Thousands of high school students across New Zealand are cramming in the last few hours of study before exam season officially kicks off on Monday.
NCEA exams were supposed to start earlier in November, but COVID-19 disruptions pushed the date back to November 16, giving students more time to study.
Wellington College's school hall has transformed, with dozens of desks and chairs set up for NCEA exams in Te Reo, business, calculus and physics.
The exam room will look much the same as usual, but with a few COVID-19 adjustments.
Physical distancing will be in place to maintain safety, and hand sanitiser will be readily available - signs of the times in a year hijacked by the virus.
"For our students that sat NCEA or are doing NCEA assessments this year, you know there were challenges and anxiety and worries," Wellington College Principal Gregor Fountain says.
Many schools across New Zealand have been directly affected by COVID-19 cases. Marist College in Auckland was the home of the country's 3rd largest cluster, the source of 96 cases.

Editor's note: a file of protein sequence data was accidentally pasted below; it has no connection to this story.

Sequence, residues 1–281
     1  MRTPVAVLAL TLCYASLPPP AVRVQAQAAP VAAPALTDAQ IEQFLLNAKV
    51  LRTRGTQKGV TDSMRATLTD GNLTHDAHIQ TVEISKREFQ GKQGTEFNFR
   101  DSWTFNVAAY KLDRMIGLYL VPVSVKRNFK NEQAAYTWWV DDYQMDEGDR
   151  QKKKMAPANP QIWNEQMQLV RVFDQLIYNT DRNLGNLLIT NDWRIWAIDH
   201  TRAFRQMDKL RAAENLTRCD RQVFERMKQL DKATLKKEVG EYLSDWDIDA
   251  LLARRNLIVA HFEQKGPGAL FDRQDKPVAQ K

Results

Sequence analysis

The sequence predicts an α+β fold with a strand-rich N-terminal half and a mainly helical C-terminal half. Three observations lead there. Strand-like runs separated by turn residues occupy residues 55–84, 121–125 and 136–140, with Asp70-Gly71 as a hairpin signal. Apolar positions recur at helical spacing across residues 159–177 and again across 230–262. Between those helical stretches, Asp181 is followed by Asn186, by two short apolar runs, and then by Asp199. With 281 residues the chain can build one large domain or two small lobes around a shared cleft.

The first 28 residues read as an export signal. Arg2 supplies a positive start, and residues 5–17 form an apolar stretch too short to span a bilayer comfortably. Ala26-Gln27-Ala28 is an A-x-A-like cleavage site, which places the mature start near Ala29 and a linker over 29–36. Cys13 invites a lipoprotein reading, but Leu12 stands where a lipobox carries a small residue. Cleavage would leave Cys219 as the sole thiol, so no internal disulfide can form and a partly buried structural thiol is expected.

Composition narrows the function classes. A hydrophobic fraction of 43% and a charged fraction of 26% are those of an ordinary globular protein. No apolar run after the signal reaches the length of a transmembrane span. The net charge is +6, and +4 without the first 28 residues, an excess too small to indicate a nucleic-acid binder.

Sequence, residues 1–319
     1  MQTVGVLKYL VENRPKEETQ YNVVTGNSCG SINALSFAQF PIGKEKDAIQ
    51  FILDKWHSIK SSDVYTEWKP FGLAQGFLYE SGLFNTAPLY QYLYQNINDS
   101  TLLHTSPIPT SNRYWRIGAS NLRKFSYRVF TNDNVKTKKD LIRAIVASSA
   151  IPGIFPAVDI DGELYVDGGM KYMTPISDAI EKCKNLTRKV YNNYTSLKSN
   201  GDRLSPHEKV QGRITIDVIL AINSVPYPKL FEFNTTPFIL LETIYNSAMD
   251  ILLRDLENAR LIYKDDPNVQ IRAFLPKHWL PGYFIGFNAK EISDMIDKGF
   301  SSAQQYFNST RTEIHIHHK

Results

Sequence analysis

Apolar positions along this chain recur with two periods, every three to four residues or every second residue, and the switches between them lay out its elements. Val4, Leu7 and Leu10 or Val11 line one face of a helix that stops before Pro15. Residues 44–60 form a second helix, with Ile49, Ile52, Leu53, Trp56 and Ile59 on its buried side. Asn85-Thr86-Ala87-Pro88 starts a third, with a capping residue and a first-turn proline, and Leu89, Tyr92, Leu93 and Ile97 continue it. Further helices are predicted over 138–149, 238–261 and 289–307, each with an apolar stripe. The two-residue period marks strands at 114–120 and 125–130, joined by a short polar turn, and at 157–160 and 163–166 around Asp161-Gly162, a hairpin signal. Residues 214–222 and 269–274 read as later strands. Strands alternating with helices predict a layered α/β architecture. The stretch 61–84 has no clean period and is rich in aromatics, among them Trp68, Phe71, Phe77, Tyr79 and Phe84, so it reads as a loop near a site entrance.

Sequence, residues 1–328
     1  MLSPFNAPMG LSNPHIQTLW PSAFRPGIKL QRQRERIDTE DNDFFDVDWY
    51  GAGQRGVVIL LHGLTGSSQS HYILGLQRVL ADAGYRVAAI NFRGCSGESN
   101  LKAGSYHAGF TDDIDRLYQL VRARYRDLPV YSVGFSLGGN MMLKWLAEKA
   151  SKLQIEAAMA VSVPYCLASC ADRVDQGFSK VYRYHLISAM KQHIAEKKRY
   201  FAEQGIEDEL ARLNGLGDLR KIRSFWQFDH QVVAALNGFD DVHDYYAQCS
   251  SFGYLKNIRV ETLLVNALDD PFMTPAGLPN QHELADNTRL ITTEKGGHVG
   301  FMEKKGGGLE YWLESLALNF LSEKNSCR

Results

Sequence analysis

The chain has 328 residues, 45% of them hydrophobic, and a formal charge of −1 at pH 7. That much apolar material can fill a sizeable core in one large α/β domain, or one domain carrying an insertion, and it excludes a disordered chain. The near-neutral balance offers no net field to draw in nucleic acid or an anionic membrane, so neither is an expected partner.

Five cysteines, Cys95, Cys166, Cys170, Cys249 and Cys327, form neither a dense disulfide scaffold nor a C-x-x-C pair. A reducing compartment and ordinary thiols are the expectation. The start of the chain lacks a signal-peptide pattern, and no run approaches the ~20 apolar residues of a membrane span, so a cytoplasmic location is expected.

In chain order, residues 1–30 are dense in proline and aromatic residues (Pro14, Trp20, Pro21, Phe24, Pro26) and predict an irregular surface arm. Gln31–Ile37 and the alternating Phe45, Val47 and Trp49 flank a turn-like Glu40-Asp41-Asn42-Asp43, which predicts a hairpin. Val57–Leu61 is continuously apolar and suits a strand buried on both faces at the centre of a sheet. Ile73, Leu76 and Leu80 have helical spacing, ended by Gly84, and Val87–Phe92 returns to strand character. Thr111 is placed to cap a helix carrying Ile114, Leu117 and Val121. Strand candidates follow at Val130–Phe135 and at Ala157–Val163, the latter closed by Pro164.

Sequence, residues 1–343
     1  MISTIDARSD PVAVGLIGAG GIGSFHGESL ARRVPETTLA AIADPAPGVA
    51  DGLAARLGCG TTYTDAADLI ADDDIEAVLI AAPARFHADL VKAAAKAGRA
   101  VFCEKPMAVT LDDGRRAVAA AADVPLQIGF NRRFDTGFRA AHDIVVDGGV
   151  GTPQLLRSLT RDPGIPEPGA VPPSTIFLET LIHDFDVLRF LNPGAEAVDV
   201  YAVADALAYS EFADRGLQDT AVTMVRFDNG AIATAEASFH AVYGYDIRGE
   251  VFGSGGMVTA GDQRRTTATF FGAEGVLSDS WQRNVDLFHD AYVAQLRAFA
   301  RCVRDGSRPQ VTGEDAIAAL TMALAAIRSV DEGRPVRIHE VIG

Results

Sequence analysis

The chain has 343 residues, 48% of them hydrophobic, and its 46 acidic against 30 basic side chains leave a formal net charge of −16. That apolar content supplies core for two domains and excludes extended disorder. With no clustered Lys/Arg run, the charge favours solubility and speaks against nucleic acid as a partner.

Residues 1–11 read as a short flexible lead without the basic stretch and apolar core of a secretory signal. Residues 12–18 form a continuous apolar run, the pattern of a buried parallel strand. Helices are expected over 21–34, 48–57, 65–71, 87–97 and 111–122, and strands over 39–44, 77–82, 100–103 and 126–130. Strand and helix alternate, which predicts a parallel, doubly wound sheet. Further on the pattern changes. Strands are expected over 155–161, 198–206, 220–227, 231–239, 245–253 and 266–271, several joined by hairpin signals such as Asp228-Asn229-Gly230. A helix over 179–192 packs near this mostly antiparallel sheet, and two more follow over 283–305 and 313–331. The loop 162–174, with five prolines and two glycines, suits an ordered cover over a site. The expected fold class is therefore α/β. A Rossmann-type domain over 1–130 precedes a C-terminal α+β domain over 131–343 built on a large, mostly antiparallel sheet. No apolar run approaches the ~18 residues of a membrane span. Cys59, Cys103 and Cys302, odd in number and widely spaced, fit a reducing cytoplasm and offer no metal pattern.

In March, the Government shut all schools for more than a month.
"During the lockdown period it was a lot harder to motivate myself without a teacher there to keep me stuck on work," Harrison Wong, a Tawa College Year 12 Student says.
Wong is one of 140,000 students across Levels 1, 2 and 3 cramming in the last minute study, but NZQA has helped by changing some requirements.
The changes include pushing the start date for exams back from November 6 to November 16, introducing additional learning recognition credits and lowering the threshold for endorsements and university entrance.
"It definitely will be a help, and I feel like that was really needed because we did lose a lot of time," Wong says.
Thousands of desks will be filled with eager and anxious students on Monday.